Post five! I wonder how long I will keep up with how many posts I’ve written…
Hello and welcome back to Life of Heritage! Today I have a special blog post. A dear subscriber asked me to write a series on Writing Myths/Historical Myths. So while this won’t be a monthly series, I will be gathering more information for this topic in particular! Hope you enjoy this post that has been begging to be written for a few months now. Without further ado, let’s hop to it!
A few months ago, I read a post that said one should never let history get in the way of a good story. Fiction before fact. I have to disagree with this bit of advice. Let me explain why.
History is unyielding. No matter how much you want to change it (like our textbooks today!) you cannot truly change history. It is as it was and just because you don’t like it doesn’t mean you can change it. Gen. U.S. Grant owned slaves, so it would be silly for me to write a story about a staunch abolitionist conversation between him and my main character. I don’t like it that he owned slaves. I don’t like slavery at all, but I cannot erase it from history.
Your readers won’t trust you. When you keep most of your history straight in your story, but change a timeline to suit your story, your readers will assume you are telling the truth. I can’t say that Stonewall Jackson died on May 15th just because I want to make sure one of my characters has enough time to ride all the way to Florida to fetch a long lost relative and make it back in time to hold his hand as Stonewall dies. That’s ridiculous. But what’s worse, I’ve lied to my readers by giving them a false date. Now, I understand adding fictional events to a story, like a skirmish or a debate or a town meeting or a conversation between a fictional character and a real person, but never change historical fact. Your readers will feel betrayed when they dig into the story and find out you lied.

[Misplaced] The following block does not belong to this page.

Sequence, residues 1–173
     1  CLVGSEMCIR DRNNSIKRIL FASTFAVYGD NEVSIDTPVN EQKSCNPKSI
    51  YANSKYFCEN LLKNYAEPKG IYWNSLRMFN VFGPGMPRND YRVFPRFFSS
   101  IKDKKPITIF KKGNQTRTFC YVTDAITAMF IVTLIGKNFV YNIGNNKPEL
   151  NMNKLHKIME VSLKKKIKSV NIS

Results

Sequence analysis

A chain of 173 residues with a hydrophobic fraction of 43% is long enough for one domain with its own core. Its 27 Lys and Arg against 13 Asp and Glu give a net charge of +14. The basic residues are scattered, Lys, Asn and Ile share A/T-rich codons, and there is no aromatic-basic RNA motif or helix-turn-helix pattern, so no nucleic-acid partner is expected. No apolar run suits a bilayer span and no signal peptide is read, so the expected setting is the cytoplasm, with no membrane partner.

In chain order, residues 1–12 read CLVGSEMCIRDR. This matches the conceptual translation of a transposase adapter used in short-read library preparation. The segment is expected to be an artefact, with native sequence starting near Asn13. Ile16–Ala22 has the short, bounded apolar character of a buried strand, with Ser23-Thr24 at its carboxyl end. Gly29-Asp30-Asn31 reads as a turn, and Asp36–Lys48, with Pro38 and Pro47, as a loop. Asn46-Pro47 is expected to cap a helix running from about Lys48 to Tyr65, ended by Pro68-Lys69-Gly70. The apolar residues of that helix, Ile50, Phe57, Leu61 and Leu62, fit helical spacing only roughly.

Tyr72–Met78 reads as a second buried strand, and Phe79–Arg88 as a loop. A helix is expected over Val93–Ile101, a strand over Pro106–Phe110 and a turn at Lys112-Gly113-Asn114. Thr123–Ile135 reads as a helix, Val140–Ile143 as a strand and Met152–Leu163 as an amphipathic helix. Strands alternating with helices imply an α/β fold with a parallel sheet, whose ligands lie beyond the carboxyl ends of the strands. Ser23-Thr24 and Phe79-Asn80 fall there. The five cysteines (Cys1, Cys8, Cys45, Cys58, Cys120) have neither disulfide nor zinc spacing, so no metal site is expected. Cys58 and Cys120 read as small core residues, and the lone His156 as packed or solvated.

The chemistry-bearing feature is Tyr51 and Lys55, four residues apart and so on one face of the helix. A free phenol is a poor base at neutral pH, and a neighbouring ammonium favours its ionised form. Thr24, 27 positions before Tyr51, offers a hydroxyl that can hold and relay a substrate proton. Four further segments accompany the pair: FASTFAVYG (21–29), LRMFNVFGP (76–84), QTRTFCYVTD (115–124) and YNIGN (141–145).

You don’t have to add to history to make a point. If you are writing something fictional about a real character, it must be consistent with his character or be based on something they actually did. Now, I’ll give you four examples that will help you understand what I mean.
I said all that to say this: You can use real people in fictional circumstances as long as it is believable that they really would have done that, and it doesn’t conflict with historical fact. The situation/reaction must fit their personality. This is part of what is called Creative License.
But if you don’t get anything else from this post, get this. You do not change History to accommodate your novel. Ever. Your novel is flexible; History isn’t.
I hope this post was helpful for those writing Historical fiction. It can be confusing trying to find difference between lying and creative license. The absolute best advice I can give you is to pray over the scene. Ask God if that’s a scene He would want you to write. Your parents would be a big help too, or a fellow Historical Fiction author. It helps to bounce ideas off each other!
Have a blessed day!
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Christian. American. Southern. Author.
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